Dianne Collins, potter

How do you feel when you create your work?
I feel tremendously fortunate to finally be doing what I’ve always wanted to do. A primary driver in my life is to learn. Ceramics is a career where you can launch yourself on a never-ending journey of exploration, expression, problem solving and discovery. It allows me to engage both the intuitive-creative and the analytical sides of my brain and occupy an over-active mind. With both hemispheres engaged and satisfied I seem to be able to find a quieter place. In the quiet I feel the deeper emotional currents flowing through me to my work.











What is the nicest thing that someone has said about your work?
“I love it and use it everyday. Using it makes me feel special.”

How does the local area influence your work?
The local flora is important in my decorative work. A Botanist in my earliest career, we originally selected our property as it backs onto a nature corridor in St Helena. I created a garden of indigenous plants as I love their unassuming beauty and easy growing nature. Most of all, having nature at my doorstep is immersive and calming – perfect for the meditation that comes when you’re in the creative zone. I enjoy sharing my creative space and garden each spring at my Open Studio. It will be on September 16 & 17 this year.

What piece are you most proud of?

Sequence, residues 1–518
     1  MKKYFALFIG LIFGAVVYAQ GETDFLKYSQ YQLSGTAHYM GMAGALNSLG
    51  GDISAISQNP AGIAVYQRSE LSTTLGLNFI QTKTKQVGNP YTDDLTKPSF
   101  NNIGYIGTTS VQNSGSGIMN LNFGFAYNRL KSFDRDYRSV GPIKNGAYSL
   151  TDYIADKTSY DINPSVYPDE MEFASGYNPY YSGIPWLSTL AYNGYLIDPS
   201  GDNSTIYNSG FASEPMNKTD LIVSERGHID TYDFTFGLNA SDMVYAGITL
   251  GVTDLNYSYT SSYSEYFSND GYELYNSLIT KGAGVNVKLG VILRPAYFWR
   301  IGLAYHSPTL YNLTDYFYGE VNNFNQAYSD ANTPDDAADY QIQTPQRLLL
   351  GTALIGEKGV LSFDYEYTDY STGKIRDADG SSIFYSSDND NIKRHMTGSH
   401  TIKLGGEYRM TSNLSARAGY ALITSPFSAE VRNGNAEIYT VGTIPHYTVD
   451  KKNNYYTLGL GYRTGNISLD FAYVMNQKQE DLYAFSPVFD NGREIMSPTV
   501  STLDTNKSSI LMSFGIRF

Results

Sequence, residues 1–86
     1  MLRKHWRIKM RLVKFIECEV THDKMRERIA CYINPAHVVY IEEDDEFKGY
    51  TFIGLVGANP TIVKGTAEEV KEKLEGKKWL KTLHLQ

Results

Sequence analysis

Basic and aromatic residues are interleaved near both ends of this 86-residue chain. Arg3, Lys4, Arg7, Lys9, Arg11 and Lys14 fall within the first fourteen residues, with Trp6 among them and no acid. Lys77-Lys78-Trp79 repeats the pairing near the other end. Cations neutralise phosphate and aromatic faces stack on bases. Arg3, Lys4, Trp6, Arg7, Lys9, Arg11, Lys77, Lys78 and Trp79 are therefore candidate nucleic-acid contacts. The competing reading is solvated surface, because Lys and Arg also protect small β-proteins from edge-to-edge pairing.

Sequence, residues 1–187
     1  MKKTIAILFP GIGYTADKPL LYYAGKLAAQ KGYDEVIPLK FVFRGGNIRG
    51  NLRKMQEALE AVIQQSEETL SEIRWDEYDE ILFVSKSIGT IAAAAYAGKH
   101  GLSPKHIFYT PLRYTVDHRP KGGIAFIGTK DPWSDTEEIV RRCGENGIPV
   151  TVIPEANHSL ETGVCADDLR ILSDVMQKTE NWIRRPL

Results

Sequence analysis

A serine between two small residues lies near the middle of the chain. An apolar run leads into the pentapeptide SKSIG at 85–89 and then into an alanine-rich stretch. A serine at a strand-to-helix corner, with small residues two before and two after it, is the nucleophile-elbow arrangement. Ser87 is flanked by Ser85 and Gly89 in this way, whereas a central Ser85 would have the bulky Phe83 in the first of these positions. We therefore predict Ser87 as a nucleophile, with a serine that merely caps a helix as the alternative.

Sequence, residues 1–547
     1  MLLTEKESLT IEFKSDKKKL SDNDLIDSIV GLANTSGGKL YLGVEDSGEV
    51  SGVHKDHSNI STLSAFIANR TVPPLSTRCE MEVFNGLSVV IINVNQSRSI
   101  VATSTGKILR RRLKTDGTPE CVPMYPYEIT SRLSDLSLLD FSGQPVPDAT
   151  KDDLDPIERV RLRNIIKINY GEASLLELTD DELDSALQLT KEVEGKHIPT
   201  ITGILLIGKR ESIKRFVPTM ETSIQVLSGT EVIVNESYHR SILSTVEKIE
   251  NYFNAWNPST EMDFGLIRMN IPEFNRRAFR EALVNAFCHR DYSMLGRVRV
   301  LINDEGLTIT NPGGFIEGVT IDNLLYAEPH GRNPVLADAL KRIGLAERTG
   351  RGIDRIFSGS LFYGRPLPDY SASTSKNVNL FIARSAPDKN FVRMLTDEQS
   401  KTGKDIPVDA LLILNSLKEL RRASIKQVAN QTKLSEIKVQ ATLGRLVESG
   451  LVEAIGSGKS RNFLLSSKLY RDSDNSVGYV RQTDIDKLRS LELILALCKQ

That’s a hard one. The piece I learnt the most from was a commission I did for Jacques Reymond Restaurant. I created a lidded butter dish to go on all their tables and then more for them to sell. The project had everything, collaborative design, personal expression, commercial negotiation, technical R & D, functional design, production planning and testing, scope changes, managing customer expectations, frustrating technical problems, product ingredient failure, problem solving, tight production deadlines and satisfied customers. Overall, a big bag of challenges! It was quite literally blood, sweat and tears. The restaurant ended up with a product they and their customers loved and I had all the challenges I could wish for.

What goals do you have for the future of your art practice?
There is so much to learn and even more to explore. The acquisition of knowledge isn’t the goal for me, rather the journey of learning itself. Pragmatic business goals in the next 12 months include enlarging my studio & creating a flexible gallery space, a kiln under a covered area and a new social media strategy.

Which other local artist would you like to know more about?
Amy Kennedy is an amazing ceramicist whose work and practice has always inspired me. The small contact that I’ve had suggests the kindest of women with a spirit like a river that runs very deep – intriguing.

For more information about Dianne and her work: